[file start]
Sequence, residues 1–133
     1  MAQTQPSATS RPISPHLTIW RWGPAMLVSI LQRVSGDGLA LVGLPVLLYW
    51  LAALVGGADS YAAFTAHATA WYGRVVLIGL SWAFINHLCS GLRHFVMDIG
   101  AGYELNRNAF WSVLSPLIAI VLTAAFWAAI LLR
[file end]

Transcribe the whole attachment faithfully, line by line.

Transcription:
Sequence, residues 1–133
     1  MAQTQPSATS RPISPHLTIW RWGPAMLVSI LQRVSGDGLA LVGLPVLLYW
    51  LAALVGGADS YAAFTAHATA WYGRVVLIGL SWAFINHLCS GLRHFVMDIG
   101  AGYELNRNAF WSVLSPLIAI VLTAAFWAAI LLR